DNA is a difficult thing to wrap your head around. The microscopic nature of a cell, and then a nucleus within a cell, and then this material within the nucleus — then knowing that there are millions of these within an entity such as a human being, or cat, or strawberry. The latter has about one million cells, and at one exhibit at the Beckman Open House, you can mix a few ingredients and actually see that strawberry’s DNA with your own eyes.
Since 1997, Beckman Institute has opened their doors every other year to the C-U community so that researchers can share the work they are doing each day in that massive building on the north end of U of I’s campus. According to Lexie Kesler, outreach specialist for Beckman:
The Beckman Institute was built to bring people together. Open house is an opportunity for us to extend that circle of bringing people together. It’s community members engaging in authentic conversations about scientific advances and what they might mean for the future. It’s researchers sharing their excitement for what they do. And it’s young students envisioning themselves as the next generation of problem-solvers.
In 2021, the event went completely online, so this is the first in person open house since 2019. The planning for something like this happens through the year. Says Kesler, “our team already has ideas for what we can do next time!” Any lab or group is invited to present their work at the open house. The important part, is that they communicate that work in an engaging way. A goal of this event is to increase science literacy for people in the community — especially kids. I stopped by the friends and family preview Thursday evening, so the first floor of Beckman was filled with youngsters, and I noticed that every team had interactive exhibits prepared that could help explain the complex research they are doing in a way that even preschool and elementary school kids could understand. And, if I’m being honest, as a non-science-brained person, that sort of presentation helps me too. Open house goers will have the opportunity to engage all of the senses as they explore the offerings from Beckman’s interdisciplinary research teams. As Kesler puts it, “the hands-on, interactive exhibits invite visitors to become the scientist. They can be a microscopist exploring the unseen world of pond water, a chemist creating new, innovative materials, or a psychologist studying how different activities impact our brain.”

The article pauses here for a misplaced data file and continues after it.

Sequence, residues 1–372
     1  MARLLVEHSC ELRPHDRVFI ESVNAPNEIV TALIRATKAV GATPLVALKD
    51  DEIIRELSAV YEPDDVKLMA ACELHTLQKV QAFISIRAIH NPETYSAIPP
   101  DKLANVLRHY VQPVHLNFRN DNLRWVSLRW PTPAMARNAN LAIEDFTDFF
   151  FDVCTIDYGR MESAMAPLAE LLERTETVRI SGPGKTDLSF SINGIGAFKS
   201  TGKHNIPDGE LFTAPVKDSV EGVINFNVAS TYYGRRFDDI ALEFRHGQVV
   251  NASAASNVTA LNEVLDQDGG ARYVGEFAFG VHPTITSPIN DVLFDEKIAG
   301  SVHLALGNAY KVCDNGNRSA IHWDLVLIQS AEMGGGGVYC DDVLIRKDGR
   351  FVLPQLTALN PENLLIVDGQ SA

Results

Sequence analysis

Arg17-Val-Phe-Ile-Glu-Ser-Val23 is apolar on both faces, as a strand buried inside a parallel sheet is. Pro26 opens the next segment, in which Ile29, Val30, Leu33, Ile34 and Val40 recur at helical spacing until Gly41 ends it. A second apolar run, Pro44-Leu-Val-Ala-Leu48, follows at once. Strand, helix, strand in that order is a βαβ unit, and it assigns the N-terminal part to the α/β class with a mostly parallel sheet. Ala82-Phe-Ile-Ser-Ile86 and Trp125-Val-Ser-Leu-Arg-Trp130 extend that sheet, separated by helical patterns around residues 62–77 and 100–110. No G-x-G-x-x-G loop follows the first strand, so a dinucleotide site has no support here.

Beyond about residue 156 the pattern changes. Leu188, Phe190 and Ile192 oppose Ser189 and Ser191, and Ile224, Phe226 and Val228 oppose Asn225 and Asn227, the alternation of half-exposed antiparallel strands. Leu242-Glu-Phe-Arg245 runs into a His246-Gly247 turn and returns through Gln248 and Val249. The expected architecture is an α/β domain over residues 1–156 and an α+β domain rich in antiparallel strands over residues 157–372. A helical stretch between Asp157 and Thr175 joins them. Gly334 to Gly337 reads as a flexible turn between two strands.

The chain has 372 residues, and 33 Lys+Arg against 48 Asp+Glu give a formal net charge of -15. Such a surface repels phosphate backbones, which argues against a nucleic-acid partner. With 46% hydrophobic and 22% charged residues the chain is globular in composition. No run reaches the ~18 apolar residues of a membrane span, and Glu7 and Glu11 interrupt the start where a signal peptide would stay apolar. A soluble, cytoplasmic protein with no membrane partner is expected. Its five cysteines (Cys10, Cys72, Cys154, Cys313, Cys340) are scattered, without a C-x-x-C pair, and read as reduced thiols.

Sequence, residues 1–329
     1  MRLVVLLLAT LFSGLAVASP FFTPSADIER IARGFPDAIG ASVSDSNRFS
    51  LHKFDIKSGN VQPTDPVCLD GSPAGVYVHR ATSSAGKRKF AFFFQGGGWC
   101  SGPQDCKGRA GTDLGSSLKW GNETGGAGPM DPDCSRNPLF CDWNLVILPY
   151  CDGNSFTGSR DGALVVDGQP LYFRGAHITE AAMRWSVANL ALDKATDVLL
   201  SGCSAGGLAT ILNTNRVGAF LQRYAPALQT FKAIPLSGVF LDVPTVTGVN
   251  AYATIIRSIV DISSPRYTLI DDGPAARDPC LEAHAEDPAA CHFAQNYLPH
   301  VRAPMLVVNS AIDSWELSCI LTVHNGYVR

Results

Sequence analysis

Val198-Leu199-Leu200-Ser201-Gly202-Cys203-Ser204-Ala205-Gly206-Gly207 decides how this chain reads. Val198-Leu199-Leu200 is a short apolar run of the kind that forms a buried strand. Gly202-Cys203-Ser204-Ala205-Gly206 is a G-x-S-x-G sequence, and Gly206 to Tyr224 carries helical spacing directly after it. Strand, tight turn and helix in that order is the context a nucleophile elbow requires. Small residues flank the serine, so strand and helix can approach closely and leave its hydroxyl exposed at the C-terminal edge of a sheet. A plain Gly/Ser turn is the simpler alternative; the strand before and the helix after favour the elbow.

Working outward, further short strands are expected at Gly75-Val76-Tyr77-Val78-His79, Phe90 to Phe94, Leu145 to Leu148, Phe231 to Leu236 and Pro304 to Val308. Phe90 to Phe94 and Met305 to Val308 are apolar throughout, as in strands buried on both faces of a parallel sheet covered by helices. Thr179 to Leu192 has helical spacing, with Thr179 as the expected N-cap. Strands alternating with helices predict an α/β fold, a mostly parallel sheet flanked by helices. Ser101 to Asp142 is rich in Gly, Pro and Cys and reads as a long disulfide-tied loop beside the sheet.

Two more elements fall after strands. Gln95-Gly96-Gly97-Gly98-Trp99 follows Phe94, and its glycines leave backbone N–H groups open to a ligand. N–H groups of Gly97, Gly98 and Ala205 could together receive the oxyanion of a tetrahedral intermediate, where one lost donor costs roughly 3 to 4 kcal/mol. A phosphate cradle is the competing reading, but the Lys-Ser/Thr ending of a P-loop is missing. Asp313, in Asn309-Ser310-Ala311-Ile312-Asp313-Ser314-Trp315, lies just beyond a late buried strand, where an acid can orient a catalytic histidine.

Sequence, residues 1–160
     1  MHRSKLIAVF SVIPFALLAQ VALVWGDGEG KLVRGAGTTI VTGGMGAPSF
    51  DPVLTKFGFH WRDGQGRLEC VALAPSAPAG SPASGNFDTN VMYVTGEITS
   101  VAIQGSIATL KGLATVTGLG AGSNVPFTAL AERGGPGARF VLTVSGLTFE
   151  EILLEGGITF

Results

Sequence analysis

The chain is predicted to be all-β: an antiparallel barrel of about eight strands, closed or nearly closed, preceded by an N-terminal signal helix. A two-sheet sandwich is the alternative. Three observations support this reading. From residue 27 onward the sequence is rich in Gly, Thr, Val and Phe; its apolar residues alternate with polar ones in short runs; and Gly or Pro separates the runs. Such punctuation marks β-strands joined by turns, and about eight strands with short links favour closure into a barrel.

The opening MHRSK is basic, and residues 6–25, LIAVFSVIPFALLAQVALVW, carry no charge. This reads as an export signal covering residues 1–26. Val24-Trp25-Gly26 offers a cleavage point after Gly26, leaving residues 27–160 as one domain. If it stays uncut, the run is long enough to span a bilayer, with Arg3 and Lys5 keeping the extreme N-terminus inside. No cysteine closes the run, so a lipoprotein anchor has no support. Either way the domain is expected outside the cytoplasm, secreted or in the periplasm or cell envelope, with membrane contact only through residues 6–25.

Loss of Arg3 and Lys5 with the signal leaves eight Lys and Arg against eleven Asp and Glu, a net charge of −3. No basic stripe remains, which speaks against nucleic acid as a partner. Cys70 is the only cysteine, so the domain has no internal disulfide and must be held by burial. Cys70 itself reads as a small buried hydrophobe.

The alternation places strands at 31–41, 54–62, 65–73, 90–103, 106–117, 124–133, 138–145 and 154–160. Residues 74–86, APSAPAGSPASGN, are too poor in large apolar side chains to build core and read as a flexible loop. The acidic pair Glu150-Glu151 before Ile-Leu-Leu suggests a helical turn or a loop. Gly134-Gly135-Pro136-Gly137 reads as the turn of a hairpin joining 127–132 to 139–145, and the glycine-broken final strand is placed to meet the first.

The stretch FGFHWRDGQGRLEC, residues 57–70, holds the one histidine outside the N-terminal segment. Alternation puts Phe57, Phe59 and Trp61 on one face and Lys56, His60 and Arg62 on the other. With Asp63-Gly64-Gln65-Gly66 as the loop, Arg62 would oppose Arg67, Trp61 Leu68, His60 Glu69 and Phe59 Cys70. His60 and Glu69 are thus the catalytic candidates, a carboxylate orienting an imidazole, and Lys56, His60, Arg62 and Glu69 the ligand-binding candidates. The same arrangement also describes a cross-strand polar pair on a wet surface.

Of course, you will also be able to check out the MRI exhibit, with the famous “Big Red”, the first human MRI machine.
Kesler emphasizes the interactive nature of the event, and how it’s truly meant for all ages. A good place to start is downloading Beckman app. “It includes the titles, descriptions, and tags for each of the exhibits. This allows visitors to search for age or interest-specific exhibits. We have also put together an interactive science scavenger hunt that visitors can play virtually or with stamps and paper.”
The open house runs Friday from 9 a.m. to 4 p.m., and Saturday from 9 a.m. to 3 p.m. The Engineering Open House is also happening during those times, so you’ll find a lot to do in that part of campus. You can find free parking for the event in the B17 lot at the corner of Clark and Harvey in Urbana. This is a unique opportunity to experience some of the amazing research that happens at Beckman, so be sure to carve out some time to explore this weekend!